The articles cited above deal more with the factors affecting the response rate than they do with how poor response rate affected the study outcomes.14,16 Fan and Yan16 identified the research topic, length of the survey, wording, complexity, and biased questions as the key factors affecting the response rates. In this study, 90% of the refusals were actually from the universities, resulting in skewed response rate towards the research institutions and other organisations interested in malaria research (61.5%) compared to the universities (38.5%). Therefore, the university-based researchers’ perspectives on the implementation of malaria elimination policy were not adequately explored. Again, poor response rate limited the investigators from engaging on a robust statistical analysis which could have led to meaningful conclusive findings.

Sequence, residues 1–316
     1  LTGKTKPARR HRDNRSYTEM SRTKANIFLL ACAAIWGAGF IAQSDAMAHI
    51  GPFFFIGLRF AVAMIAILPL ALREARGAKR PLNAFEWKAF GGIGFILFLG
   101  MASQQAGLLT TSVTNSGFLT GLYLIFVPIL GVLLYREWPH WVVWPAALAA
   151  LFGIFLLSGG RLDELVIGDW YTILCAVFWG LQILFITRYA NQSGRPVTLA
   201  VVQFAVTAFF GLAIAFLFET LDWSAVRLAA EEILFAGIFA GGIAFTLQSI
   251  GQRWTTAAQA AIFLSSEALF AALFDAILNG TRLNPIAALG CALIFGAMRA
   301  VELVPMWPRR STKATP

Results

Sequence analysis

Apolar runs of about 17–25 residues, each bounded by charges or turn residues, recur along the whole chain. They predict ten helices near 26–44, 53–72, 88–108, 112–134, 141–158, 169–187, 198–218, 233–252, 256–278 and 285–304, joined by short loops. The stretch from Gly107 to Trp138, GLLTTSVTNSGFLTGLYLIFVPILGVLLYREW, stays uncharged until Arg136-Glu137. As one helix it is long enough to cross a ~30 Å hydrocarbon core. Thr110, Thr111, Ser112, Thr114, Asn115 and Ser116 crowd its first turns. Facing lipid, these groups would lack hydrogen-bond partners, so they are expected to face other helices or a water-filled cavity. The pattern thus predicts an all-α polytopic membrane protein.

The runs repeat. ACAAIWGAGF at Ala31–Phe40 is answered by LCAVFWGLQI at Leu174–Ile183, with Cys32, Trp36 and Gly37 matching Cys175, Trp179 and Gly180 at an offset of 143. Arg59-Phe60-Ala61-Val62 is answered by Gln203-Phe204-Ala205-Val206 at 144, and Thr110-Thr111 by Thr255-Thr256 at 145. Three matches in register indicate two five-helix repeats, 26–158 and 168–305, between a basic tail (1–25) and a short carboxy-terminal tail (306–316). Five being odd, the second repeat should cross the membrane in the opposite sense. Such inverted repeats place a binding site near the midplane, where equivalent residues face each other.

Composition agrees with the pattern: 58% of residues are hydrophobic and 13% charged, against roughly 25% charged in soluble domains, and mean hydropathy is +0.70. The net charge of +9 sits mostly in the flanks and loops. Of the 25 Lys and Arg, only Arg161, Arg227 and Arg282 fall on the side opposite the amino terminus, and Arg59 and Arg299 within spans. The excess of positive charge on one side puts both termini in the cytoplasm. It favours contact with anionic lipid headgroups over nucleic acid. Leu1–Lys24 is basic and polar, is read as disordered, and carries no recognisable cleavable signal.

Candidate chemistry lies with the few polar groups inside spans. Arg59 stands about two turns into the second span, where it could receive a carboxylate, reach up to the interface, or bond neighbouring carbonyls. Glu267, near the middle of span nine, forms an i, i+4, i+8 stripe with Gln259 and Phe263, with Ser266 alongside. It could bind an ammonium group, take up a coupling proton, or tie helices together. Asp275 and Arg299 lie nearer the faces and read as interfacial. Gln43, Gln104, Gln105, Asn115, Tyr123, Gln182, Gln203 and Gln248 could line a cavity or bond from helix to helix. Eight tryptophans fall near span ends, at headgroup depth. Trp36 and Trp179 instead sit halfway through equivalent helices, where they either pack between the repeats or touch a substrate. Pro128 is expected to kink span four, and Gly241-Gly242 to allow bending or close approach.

Most participants in this study were of the view that malaria elimination policy has neither been properly adapted to SA’s malaria operational setting nor sufficiently disseminated to all relevant healthcare workers, hence the involvement by all relevant role players was considered to be lacking, especially in the malaria affected communities. Contrary to the WHO view that the country targeting malaria elimination should possess sufficient evidence demonstrating that elimination is a realistic goal,12 most researchers held a strong view that the 2018 malaria elimination target was not realistic for SA.